Let Me In: Film Review

This unsettling, effective American remake really gets under the skin as one of the year's most powerful thrillers.

TORONTO -- The hauntingly affecting 2008 Swedish coming-of-age vampire import "Let the Right One In" goes the inevitable English-language remake route -- with similarly potent results.

Written and directed by Matt Reeves, the retitled "Let Me In" achieves the rare feat of remaining rigorously reverential to its source material while emerging as a highly accomplished work in its own right.

Like the original (based on a bestselling novel by John Ajvide Lindqvist), the story of a tender bond formed between a 12-year-old social outcast and his lonely new next-door neighbor with a dark secret plays like a decidedly less wispy, pubescent take on the "Twilight" franchise to profoundly disturbing effect.

The first production out of the gate for recently resurrected British horror brand Hammer Films, "Let Me In" should handily bring in new blood while earning the respect of the original's rabid international cult fan base.

Reeves, whose previous feature effort was the hit 2008 apocalyptic thriller "Cloverfield," immediately establishes the uneasy, foreboding tone as an ambulance wends its way through some seriously dark, stormy and frozen New Mexican terrain (subbing nicely for the original's bleak suburban Stockholm backdrop).

After a very brief prologue setting the Reagan-era, "Evil Empire" climate, the time frame retreats somewhat to introduce Owen, a slight, quiet-spoken 12-year-old bully magnet (sensitively played by Kodi Smit-McPhee) and the remote Los Alamos apartment complex where he lives with his divorced, alcoholic mother.

Owen's hopeless pre-teen existence is about to take an unexpected turn with the arrival of Abby (equally impressive Chloe Moretz), who doesn't quite prove to be his contemporary, despite her innocent appearance.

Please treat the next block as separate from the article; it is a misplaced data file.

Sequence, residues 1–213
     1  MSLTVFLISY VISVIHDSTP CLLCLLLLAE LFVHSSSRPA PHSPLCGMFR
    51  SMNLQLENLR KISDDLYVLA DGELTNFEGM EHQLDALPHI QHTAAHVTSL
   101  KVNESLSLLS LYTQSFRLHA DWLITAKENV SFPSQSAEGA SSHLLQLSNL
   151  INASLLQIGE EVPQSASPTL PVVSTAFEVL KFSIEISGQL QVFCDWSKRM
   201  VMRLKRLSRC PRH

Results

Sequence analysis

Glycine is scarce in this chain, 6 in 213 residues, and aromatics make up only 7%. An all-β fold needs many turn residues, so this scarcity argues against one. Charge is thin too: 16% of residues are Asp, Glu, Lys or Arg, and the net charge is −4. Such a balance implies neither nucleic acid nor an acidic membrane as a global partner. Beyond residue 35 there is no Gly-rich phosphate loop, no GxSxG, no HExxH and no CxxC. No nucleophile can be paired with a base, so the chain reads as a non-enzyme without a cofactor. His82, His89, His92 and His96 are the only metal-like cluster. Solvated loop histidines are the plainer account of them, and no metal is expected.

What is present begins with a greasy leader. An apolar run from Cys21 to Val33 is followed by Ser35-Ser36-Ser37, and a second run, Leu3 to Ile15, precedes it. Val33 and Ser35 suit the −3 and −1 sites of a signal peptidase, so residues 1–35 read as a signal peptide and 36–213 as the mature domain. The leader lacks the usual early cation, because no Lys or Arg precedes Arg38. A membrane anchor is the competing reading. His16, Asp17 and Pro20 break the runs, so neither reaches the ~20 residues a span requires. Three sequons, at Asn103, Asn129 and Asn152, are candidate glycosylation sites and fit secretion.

While he faithfully recreates a number of sequences and shifts the positions of others, Reeves also incorporates some new stuff that, for the most part, heightens rather than diminishes the original's understated intensity.

Sure, we probably could have lived without the glowing vampire eyes, and the religious overtones come on a tad strong, but the tweaks are otherwise skillfully employed, favoring unique camera p.o.v. over CGI excess. That's particularly true of a terrifying car crash sequence that takes place entirely from inside the out-of-control vehicle.

Key to the remake's ultimate success is the casting of the troubled young leads.Smit-McPhee and Moretz possess the soulful depth and pre-adolescent vulnerability necessary to keep it compellingly real.

Also good is Richard Jenkins, whose melancholic demeanor is put to good use as Moretz's protector, while Elias Koteas makes for a credible moral compass in the added role of a police officer attempting to find a culprit responsible for all those ritual murders.

Echoing the prevailing horrific/mournful vibe is Michael Giacchino's masterful score, which is simultaneously bone-chilling and achingly poignant.